2022 In Review: Funding Winter, Regulatory Haze Put A Spanner In Gaming Growth

2022 In Review: Funding Winter, Regulatory Haze Put A Spanner In Gaming Growth


Gaming startups in India raised $349 Mn in 2022 compared to $1.74 Bn in the previous year

Games 24×7 is the lone gaming unicorn this year, taking the total number of billion-dollar gaming startups to four

Industry experts predict a higher number of funding deals in 2023 after better clarity on regulation and taxation

What kept the Indian population happy and entertained when the Covid-19 pandemic stopped all offline activities in one fell swoop? It was entertainment, digital entertainment at that, and the magical world of gaming, to be precise, where users ruled all at their will.

India never took to big-time gaming before the pandemic struck in 2020. But that narrative has now changed. The number of gamers in the country jumped to 507 Mn by March 2022 (24% were paying users) from 450 Mn, a 12% rise from the year-ago period, according to a report by Lumikai, a gaming and interactive media-focused VC fund. 

Download Annual Funding Report 2022

Although the newfound growth has triggered new interest in this space, the sector has repeatedly come under the regulatory scanner in 2022. To begin with, the Indian government banned the popular battle royale game Battlegrounds Mobile India (BGMI) without citing any reason.

Many state governments also banned online gaming or imposed unexpected restrictions (more on that later). More importantly, the sector may soon be subjected to huge tax burdens that signal fresh troubles for the industry. 

According to Inc42 data, Indian gaming startups saw a massive decline in funding in 2022. Together, they raised $349 Mn, which was 80% lower than the capital inflow of $1.74 Bn in the previous year. The average deal size stood at $3.4 Mn, a 38% decrease compared to 2021.

Gaming Funding 2022

The deal count in this space also fell to 27 from 35 in the previous year. Nevertheless, the sector minted a unicorn this year as Games 24×7 entered the coveted club with a valuation of $2.5 Bn, taking the number of gaming unicorns to four.

As for gaming formats, real-money games continued to rule, accounting for more than 50% of the total gaming revenue in 2022. In addition, the mid-core gaming segment saw significant growth throughout the year, according to industry experts.

Why Gaming Boomed In 2022

The steady rise in the number of gamers, including paying ones, should not come as a surprise as most people paid for real-money games like rummy and poker and made in-app purchases while playing casual and core games, industry experts told Inc42.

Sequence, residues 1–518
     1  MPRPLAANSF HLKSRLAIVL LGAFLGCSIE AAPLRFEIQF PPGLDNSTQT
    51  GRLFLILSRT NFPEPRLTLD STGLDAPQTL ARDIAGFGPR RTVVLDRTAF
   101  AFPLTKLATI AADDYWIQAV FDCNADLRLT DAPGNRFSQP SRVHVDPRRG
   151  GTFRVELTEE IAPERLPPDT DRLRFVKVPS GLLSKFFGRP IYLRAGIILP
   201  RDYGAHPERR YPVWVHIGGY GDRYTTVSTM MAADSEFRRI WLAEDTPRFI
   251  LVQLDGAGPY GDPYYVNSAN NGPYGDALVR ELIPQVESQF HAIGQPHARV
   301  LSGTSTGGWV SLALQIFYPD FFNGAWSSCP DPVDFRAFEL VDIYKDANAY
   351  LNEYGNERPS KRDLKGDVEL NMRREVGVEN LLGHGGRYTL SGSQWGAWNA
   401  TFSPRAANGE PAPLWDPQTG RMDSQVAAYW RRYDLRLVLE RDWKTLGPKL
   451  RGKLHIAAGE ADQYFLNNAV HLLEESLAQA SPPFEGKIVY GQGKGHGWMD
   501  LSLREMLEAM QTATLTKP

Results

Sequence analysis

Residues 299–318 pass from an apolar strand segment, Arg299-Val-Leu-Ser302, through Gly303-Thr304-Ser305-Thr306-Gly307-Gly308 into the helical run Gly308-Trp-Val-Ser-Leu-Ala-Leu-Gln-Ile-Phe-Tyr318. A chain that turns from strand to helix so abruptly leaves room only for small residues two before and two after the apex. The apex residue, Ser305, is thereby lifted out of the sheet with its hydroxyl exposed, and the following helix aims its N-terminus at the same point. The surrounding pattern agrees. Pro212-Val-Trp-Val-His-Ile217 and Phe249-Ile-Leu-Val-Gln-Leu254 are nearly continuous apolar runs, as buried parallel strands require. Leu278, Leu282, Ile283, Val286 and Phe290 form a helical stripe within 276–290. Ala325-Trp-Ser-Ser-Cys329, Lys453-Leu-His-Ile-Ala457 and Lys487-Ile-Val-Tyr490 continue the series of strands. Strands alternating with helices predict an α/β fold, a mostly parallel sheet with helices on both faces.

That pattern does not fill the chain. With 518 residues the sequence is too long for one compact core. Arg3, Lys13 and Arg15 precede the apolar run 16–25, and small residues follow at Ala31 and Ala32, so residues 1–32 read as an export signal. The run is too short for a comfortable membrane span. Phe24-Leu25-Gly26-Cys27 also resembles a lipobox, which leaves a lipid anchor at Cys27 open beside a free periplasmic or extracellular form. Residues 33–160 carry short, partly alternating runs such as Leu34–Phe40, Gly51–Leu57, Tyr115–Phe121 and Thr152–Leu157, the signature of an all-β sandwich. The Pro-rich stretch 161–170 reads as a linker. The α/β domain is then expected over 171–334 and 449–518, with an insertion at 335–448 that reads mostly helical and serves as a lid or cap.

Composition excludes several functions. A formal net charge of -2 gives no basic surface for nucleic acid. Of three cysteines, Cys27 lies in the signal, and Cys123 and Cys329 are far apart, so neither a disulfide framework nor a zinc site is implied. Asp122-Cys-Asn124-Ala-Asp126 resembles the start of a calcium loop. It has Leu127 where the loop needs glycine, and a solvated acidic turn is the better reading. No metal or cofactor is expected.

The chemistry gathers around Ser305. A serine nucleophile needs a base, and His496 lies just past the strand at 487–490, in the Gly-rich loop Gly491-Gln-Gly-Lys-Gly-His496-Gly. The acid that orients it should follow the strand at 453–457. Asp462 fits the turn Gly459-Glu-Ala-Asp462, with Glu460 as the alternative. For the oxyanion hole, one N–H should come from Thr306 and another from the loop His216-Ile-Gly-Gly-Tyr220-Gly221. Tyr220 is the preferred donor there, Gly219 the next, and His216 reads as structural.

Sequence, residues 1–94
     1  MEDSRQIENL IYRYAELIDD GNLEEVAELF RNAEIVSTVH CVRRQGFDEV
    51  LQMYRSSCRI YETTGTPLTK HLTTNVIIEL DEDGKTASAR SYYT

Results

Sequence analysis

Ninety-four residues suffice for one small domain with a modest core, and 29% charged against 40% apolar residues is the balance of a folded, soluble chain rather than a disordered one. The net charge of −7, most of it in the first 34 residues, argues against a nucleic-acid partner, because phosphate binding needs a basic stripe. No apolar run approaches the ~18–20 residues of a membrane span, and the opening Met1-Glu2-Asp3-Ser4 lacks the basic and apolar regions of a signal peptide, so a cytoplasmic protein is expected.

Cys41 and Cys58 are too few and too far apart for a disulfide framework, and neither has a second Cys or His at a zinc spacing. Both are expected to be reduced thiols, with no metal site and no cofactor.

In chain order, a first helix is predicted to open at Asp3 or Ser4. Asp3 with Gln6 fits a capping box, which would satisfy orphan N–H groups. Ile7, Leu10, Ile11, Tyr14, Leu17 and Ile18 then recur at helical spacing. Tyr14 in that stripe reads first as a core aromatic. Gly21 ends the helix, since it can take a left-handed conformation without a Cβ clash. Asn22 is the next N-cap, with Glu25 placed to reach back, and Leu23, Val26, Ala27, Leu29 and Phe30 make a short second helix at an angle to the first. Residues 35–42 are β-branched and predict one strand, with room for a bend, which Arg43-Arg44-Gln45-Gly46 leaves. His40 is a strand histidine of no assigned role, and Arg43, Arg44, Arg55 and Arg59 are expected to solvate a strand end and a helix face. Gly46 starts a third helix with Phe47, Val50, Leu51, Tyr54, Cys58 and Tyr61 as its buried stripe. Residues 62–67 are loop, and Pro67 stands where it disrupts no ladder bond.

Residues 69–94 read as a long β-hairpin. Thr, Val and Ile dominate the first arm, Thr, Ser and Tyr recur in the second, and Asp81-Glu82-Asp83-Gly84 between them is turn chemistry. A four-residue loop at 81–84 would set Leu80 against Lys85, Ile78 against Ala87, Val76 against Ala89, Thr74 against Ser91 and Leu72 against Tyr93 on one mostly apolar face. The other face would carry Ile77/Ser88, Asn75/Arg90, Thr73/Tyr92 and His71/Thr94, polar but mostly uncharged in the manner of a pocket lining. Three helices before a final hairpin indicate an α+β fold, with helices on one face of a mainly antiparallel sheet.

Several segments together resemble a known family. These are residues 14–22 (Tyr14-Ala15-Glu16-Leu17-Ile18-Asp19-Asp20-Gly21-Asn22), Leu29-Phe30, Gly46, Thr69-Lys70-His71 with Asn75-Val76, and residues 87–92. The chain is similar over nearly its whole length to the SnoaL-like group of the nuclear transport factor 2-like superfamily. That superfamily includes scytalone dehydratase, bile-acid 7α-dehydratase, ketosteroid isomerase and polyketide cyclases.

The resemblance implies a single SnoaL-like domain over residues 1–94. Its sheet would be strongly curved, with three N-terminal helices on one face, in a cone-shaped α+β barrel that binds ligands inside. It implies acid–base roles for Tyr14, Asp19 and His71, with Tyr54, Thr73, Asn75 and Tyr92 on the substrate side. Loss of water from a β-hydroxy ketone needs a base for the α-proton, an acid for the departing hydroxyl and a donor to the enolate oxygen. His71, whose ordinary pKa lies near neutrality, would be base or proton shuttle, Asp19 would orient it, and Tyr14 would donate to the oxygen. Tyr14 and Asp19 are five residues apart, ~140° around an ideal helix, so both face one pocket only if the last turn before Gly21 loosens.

Payments were smooth and plentiful as Indians have embraced digital payment options in the wake of the pandemic, and gaming is no exception.

Gaming as a popular form of online entertainment has lured millions in the past couple of years, and the trend is not going anywhere soon. A quick look at the growth numbers will validate it further. Take, for instance, Baazi Games, which added 1 Mn new users this year for PokerBaazi, according to Varun Ganjoo, cofounder and chief marketing officer of the online gaming startup.

“The extensive growth of new-age gamers in Tier 2 and 3 cities reinforces that gaming is now part of [mainstream] entertainment. With the spread of gaming activities outside metro cities, perceptions around online skill-based games have changed, and their acceptability has increased,” said Ketan Godkhindi, chief strategy officer at Witzeal Technologies.

Gaming might have gained traction due to the quality, variety and execution of content as talented creators and tech professionals are increasingly joining the industry.

Consider this. Five years ago, there were just 25-30 gaming companies in India compared to 900+ in 2022, according to Justin Shriram Keeling, founding general partner of Lumikai.

“Currently, an incredible number of new founders are coming into this space. Yes, some founders exited earlier; we have seen multiple exits. But many have started afresh in a new white space in the past year. So, there is significant growth on the supply side, and more companies are coming to the market,” he said.

Ganjoo of Baazi Games said that the startup more than doubled the headcount across verticals from 150 people in 2021 to 300 people in 2022, but the tech team saw the maximum growth.

“The online gaming sector is booming. We have seen an increased intent from new talent to join this space. But there still exists a significant skill-demand gap, and we need to work towards training the talent,” he added.

Regulatory Flux Was A Matter Of Concern

Gaming startups in India could have seen a high-growth year in 2022, but for the ‘perception’ problem and regulatory uncertainties.

Incidentally, the year started with a positive development as the ministry of information and broadcasting (MIB) set up an Animation, Visual Effects, Gaming and Comic (AVGC) task force to help upskill and employ young people across the sector. Thanks to the initiative, gaming was recognised as an organised sector capable of generating employment instead of a side gig or fringe activity.

However, all was not hunky-dory as the controversy around games of chance versus games of skill continued to rock the ship. For context, gambling/betting for monetary gains is prohibited in India. Given the cash implications of real-money games, several states like Andhra Pradesh, Telangana, Odisha have banned them to curb such ‘gambling’ activities. Others, like Meghalaya, Nagaland, have regulatory measures in place and allow online gaming companies to operate.